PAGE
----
Summer movie discussion time, my darlings! Or, if you’re in the southern half of the world, winter movie discussion time! I’m busy writing fiction this week, which has got me thinking about fiction. There’s a lot coming out this summer (or winter). I’m looking forward to a few, but if I had to pick just one, I think it would be… Continue reading “Frivolous Friday: Which Upcoming Movie Are You Craving?”
Admitting I’m an atheist has seriously damaged my research, but not my enjoyment of cheesy martial arts fantasy films. Go figure.
Allow me to ‘splain. Or at least sum up.
I’m deep into research on the soul for the upcoming short story my Wise Readers have valiantly volunteered to vet. That research involves digging into the idea of the tulku, which seemed like a good philosophical idea to riff on. So I’m reading a book on Tibetan Buddhism.
It’s not a great book on Tibetan Buddhism. In fact, it’s shallow and silly. It focuses more on what you might call popular practice than the ideas. I know Buddhism, even the more religious kinds replete with gods and other such things the Buddha would’ve had no truck with, has some excellent philosophical depth. But this book wants to focus more on things like folks staking bits of the land down so they won’t run away.
So here I am, reading this, and instead of thinking, “Interesting – that could be useful for an alien culture, suitably camouflaged,” I’m thinking, “Do people really believe that silly shite? I mean, on a scale of everyday concerns, is this really important to them?”
I’m gonna have to stay away from the popular stuff for a while. Avoid people running around driving stakes through bits of ground so it doesn’t get filched by demons in favor of the stuff that treats such matters as allegory and philosophy rather than as matter of fact. Gah.
I must be an Elitist Bastard. Even with religion research, I prefer the hoity–toity, scholarly, metaphorical, very complicated theological systems advanced by deep thinkers than the stuff practiced by the simple folk. That’s not new, mind, just more pronounced.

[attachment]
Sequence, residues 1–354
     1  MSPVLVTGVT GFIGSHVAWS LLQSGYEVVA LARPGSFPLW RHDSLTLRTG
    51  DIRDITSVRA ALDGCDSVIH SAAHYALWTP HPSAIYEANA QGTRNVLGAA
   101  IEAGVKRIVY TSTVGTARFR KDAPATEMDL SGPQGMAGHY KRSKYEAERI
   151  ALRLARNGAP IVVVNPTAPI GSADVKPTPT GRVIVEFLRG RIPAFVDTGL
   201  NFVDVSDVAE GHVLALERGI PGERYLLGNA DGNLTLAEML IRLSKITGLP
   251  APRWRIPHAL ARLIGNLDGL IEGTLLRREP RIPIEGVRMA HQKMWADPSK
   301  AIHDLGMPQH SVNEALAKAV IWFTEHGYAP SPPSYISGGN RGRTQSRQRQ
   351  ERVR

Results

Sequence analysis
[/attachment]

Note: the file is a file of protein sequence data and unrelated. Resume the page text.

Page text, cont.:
And yet I can go to a movie like The Forbidden Kingdom and have absolutely no problem at all with Monkey gods and a lot of extreme silliness. Bronx geek with an unhealthy fascination for martial arts films ends up transported to another kingdom, has to return the Monkey King’s staff? Not a problem! Runs into a Taoist immortal who’s perpetually drunk? Better still! Nothing makes logical sense? Who cares! It’s beautiful and it’s fun and it works in the context of the story, even when it’s cheesier than a truckload of Cheez Whiz.
I thoroughly enjoyed picking up on bits and pieces of myth, legend and philosophy. There’s a lot more Zen in there than you typically run in to in Chinese flicks – a great moment where Jackie Chan’s drunken Taoist character, Lu Yan, is teaching Jason kung fu, and pours him a cup of tea as Jason’s going on and on about all the martial arts moves he knows from the movies. I knew what would happen: Lu would keep pouring.
It’s an old Zen story. A man comes to the Zen master for teaching, bragging about all the things he already knows about Zen. The Zen master nods and smiles and pours tea – and keeps pouring, until the cup overflows and runs all over the floor. “Stop!” the visitor protests. “The cup’s already full!” “Exactly,” the master says. “How can I teach you anything when your cup’s already full? Empty your cup!”